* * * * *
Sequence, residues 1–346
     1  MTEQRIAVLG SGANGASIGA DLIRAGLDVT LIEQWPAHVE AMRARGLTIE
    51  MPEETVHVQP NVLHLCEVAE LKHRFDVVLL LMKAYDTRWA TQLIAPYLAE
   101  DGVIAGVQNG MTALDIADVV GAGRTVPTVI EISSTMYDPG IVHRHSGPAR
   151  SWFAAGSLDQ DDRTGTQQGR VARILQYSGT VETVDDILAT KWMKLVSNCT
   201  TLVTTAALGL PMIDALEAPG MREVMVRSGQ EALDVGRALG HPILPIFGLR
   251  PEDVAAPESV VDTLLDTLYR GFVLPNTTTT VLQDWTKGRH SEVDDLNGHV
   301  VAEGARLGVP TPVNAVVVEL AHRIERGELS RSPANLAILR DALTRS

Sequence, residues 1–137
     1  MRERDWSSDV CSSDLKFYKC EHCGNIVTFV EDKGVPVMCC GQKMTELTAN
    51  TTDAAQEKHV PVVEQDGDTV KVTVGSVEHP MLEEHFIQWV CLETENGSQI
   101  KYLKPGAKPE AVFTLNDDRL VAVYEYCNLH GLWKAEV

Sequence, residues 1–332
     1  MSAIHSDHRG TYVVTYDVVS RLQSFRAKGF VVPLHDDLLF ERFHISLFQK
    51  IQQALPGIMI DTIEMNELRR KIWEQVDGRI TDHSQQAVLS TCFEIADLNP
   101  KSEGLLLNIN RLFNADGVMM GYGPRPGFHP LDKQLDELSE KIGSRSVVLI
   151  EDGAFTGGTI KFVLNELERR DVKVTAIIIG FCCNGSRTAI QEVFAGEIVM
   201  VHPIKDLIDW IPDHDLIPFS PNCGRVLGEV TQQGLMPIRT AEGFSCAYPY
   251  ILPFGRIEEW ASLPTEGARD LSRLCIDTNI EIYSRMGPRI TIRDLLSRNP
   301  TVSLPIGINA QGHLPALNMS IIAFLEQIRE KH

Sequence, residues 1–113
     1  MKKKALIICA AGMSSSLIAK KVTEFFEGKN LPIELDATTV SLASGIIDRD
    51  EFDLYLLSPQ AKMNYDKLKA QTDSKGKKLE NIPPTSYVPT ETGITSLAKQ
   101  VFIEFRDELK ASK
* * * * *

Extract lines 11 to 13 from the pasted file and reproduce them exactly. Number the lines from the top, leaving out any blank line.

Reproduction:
    51  TTDAAQEKHV PVVEQDGDTV KVTVGSVEHP MLEEHFIQWV CLETENGSQI
   101  KYLKPGAKPE AVFTLNDDRL VAVYEYCNLH GLWKAEV

Sequence, residues 1–332